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I’ve moved!!

While it was neither easy nor painless (except the actual WP install), I have moved this blog to my own new web site.

Please visit my website at http://tech4learning.ca where you can follow the link to my blog, or go to my blog directly at http://blog.tech4learning.ca.

It’s all still a work in progress, so I welcome your feedback.


Schools engaging with Parents: Research says…

I’ve been doing a lot of reading about Parent Engagement in K-12 Schools. What has struck me is the relative lack of controversy in the literature.

There are two consistent themes in the literature:

1. The parent engagement models are both limited and validated in the research. Parents want to engage, engagement declines over the schools years, and there is a positive correlation between parent involvement and school achievement.

2. Teachers and principal need help to build successful partnerships with parents. Teachers are not equally comfortable with the use of social learning tools. So, if technology is to be used in parent engagement, we will need to train the teachers not only in the practice of parent engagement but also provide support for the technologies they will use.

Improvement Cycle School Family PartnershipsI have also come to realize that the relationship between school practice, research and policy and legislation is one of continuous, or adaptive, improvement. Innovation drives changing school practice, academic inquiry about the successes of innovative school practice drives research, public opinion fueled by the research data drives change in policy and legislation. Policy and legislation requires changes to school practice.

One piece of feedback I have received is that the improvement cycle assumes that parents and teachers WANT to be involved. I think the research is saying parents want to be involved (if one can extrapolate that every parent wants the best for his/her child) but don’t know how, and that teachers aren’t hearing the research (although some get it intuitively or through experience) so aren’t motivated and also don’t know how to engage.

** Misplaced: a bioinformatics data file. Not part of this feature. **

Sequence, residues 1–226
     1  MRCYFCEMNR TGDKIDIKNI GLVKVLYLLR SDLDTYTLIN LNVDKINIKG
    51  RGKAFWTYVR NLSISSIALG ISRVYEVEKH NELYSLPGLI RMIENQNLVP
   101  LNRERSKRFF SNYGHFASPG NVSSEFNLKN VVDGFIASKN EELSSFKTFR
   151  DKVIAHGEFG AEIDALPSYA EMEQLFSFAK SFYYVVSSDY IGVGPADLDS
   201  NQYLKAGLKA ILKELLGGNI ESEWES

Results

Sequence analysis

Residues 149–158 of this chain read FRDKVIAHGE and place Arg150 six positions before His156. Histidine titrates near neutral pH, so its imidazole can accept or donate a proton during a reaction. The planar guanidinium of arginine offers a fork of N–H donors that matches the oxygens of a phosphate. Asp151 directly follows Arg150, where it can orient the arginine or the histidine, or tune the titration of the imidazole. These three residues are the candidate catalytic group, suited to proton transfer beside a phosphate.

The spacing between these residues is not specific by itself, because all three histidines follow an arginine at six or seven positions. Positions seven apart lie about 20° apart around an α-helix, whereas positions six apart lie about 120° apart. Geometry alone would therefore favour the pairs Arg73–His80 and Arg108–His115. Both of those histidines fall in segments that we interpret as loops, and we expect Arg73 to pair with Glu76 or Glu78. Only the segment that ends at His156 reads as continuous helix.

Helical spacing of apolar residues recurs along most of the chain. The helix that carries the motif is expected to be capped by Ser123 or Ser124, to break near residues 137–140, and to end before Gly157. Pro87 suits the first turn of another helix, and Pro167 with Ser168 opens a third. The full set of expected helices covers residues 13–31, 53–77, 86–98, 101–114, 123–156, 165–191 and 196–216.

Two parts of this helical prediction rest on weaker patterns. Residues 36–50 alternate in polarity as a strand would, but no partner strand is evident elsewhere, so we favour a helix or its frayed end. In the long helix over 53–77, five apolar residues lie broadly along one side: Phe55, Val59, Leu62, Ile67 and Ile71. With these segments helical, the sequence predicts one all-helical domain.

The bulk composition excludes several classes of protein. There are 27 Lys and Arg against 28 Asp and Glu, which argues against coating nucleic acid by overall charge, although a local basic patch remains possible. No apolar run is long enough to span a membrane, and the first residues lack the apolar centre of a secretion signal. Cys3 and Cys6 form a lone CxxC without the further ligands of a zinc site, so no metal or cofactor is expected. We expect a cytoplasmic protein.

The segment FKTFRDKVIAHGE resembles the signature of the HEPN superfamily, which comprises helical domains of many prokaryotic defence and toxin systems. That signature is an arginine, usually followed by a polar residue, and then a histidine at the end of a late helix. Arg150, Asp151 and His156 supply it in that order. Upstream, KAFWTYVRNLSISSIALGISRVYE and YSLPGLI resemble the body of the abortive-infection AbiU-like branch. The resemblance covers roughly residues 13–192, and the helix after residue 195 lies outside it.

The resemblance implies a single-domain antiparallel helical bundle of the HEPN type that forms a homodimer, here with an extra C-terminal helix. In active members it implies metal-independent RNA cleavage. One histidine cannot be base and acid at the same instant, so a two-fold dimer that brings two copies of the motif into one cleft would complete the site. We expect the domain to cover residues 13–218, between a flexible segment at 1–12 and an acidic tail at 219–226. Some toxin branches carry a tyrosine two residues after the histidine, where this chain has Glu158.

I am posing these questions in an effort to validate my assumptions. Can you help?

    As a teacher, have you experienced any formal or informal preparation for involving parents in their children’s learning?

    As a parent, where do you look for support in engaging with your child’s school?

Or propose an alternate conclusion. This is a work in progress.

Social Networking – New Research

The UK Office of Communications (Ofcom) has just published new quantitative and qualitative research on social networking in the report Social Networking
A quantitative and qualitative research report into attitudes, behaviours and use

The report categorizes users and non-users:


  • Alpha Socialisers (a minority) – people who used sites in intense short bursts to flirt, meet new people, and be entertained.
  • Attention Seekers – (some) people who craved attention and comments from others, often by posting photos and customising their profiles.
  • Followers – (many) people who joined sites to keep up with what their peers were doing.
  • Faithfuls – (many) people who typically used social networking sites to rekindle old friendships, often from school or university.
  • Functionals – (a minority) people who tended to be single-minded in using sites for a particular purpose.


  • Concerned about safety – people concerned about safety online, in particular making personal details available online.
  • Technically inexperienced – people who lack confidence in using the internet and computers.
  • Intellectual rejecters – people who have no interest in social networking sites and see them as a waste of time.

These categories are similar to those reported by Alec Couros in his post Digital Footprint: Where Do You Fit In? about the Pew/Internet study. This Ofcom report provides a more detailed categorization but the themes are the same.

The Ofcom report also provides a balanced approach to the risk analysis. It supports the study published in American Psychologist, Internet “Predators” and their Victims, that separates the safety risk from the actual incidents. (See also Kevin Jarrett’s post for a commentary.)

The report includes a significant literature review, but also indicates there remain gaps in the research, intimating that behaviour may have geographically, and presumably then culturally, based differences. I found this latter comment intriguing – do social networks remove time and space from relationships? are they a reflection of real life? does the networking site itself reflect a particular use? My Twitter network is not geographically bound, but I am aware of many teens that use social networking sites as a social organizing tool.

This work makes an important contribution to the growing body of evidence about social networking, but still perhaps asks as many questions as it answers.